Both the philosophy of genetics/value-added production and that of commodity/low-cost production have proven to be fatally flawed if taken to extremes.
I recently was forwarded a blog by one of the industry’s experts on low-cost production methods who argued that his management principles are more important than genetics. I know many people who credit this person’s philosophies and management paradigm with transforming their operations.
While he made valid points in his blog entry, it made me laugh because it reminded me of a longtime debate I find fascinating. That is the debate between genetics and value-added production vs. commodity and low-cost production.
I find the debate amusing because I believe both camps are 90% right in their arguments, but end up being 90% wrong because of the basic fallacy they both accept. The fallacy is that these concepts are aligned against each other. While there are some antagonisms, in general, they are anything but mutually exclusive. Rather they are two components of the same equation.
A Closer Look: The Low Cost Vs. High Quality Debate
My background has given me an up-close and personal view of the ludicrousness of both positions. I first saw this debate up close in grad school when the economists and range guys had such a drastically different view than the animal breeders and meat guys. It simply worked better for the economists to treat cows or steers, or whatever was being analyzed, as interchangeable pieces.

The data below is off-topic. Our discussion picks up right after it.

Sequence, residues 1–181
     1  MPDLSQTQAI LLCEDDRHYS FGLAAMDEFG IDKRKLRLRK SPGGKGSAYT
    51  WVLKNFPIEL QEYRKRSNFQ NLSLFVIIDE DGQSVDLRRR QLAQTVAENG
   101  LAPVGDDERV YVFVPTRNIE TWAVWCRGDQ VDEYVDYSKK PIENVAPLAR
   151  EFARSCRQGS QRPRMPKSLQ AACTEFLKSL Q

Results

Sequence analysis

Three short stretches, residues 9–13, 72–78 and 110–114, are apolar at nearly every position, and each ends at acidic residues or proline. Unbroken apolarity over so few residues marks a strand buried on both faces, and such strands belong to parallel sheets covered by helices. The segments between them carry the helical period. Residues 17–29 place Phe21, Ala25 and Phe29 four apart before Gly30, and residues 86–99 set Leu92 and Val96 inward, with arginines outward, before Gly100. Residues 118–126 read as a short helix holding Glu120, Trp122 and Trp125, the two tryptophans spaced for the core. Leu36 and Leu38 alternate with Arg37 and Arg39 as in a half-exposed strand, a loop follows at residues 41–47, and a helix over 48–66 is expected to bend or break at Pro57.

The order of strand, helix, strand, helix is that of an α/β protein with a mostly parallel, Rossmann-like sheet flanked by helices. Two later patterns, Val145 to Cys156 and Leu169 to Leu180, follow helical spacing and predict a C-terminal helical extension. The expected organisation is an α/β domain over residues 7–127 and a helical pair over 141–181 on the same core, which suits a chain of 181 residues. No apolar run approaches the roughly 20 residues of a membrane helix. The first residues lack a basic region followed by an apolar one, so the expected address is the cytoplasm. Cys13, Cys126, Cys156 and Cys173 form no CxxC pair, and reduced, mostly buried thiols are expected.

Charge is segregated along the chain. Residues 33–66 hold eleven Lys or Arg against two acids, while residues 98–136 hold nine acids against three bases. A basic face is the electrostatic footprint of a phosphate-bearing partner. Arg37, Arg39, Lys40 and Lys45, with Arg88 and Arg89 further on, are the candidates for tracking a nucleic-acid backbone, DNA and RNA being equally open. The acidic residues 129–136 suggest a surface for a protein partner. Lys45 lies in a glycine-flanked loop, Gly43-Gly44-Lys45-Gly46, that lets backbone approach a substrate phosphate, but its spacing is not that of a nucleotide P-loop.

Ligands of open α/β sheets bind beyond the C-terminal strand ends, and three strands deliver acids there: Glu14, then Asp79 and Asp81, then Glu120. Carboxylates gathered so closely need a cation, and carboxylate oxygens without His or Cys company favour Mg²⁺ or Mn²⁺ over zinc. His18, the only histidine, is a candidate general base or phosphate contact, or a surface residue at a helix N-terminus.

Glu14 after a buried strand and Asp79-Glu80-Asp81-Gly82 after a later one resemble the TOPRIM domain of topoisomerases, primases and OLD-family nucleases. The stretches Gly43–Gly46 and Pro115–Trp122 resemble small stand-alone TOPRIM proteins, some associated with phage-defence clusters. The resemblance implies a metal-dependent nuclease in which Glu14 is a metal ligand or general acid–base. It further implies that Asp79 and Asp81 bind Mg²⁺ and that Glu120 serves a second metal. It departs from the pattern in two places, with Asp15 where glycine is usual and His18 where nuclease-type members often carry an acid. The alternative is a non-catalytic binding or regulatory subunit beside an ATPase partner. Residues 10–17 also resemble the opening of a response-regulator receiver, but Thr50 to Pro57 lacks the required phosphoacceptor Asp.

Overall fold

And it certainly makes it easy to decide things like whether to buy or raise replacement heifers. Of course, anyone who has ever made that decision understands that can be comparing apples to oranges. It’s possible to see more than $300 in differences in both annual cow costs and in fed-steer profitability, but the values are not that high for most producers.
The difference in outlook exists within segments as well. It’s true even in the seedstock segment, where some producers focus almost entirely on output and quality, and others focus on reducing inputs and increasing efficiency.
Both philosophies have proven to be fatally flawed if taken to extremes. While the margin operators can succeed in contrast to fixed-cost producers by focusing on just one side of the equation, we still see the low-cost guys paying attention to quality and vice versa.
The commodity system used to let low-cost producers get away with producing a low-quality product. Meanwhile, the value-based marketing revolution allowed producers to get away with not being concerned with costs of production. Those days are gone.
It makes the experts happy and it certainly would be simple if we could just focus on managing our grass, marketing our cattle more effectively, managing our risk, using the right genetics, or making the right decision based on financial metrics, etc., but we can’t! In today’s hyper-competitive environment, managers must integrate all of these things.
The experts in all these areas understand the impact that their particular area can have, and they are right about the importance of what they are preaching. Yet, almost without exception, they also fail to understand the importance of the other areas and the tradeoffs that must be considered.
They are all evolving to focus on managing one’s resources, marketing one’s product, or building a breeding program from a more holistic and systematic approach, but it is a difficult transition. There are still those who embrace the segmented approach, believing that the marketing system will continue to not assign values properly for the product as it moves forward in the chain. It could be argued that they are right today, but those types of decisions hopefully will look terribly shortsighted in the future.